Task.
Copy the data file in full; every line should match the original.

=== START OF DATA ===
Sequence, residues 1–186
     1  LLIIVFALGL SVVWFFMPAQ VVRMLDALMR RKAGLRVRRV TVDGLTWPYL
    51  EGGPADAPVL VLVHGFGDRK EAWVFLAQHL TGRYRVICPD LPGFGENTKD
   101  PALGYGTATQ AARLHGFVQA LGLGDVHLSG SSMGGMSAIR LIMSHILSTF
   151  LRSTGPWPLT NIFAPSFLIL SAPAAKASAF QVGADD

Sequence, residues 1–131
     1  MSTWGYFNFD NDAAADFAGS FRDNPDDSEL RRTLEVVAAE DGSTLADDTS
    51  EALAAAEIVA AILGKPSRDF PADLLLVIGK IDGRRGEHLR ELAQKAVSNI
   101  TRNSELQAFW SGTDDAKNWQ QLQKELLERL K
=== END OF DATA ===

Sequence, residues 1–186
     1  LLIIVFALGL SVVWFFMPAQ VVRMLDALMR RKAGLRVRRV TVDGLTWPYL
    51  EGGPADAPVL VLVHGFGDRK EAWVFLAQHL TGRYRVICPD LPGFGENTKD
   101  PALGYGTATQ AARLHGFVQA LGLGDVHLSG SSMGGMSAIR LIMSHILSTF
   151  LRSTGPWPLT NIFAPSFLIL SAPAAKASAF QVGADD

Sequence, residues 1–131
     1  MSTWGYFNFD NDAAADFAGS FRDNPDDSEL RRTLEVVAAE DGSTLADDTS
    51  EALAAAEIVA AILGKPSRDF PADLLLVIGK IDGRRGEHLR ELAQKAVSNI
   101  TRNSELQAFW SGTDDAKNWQ QLQKELLERL K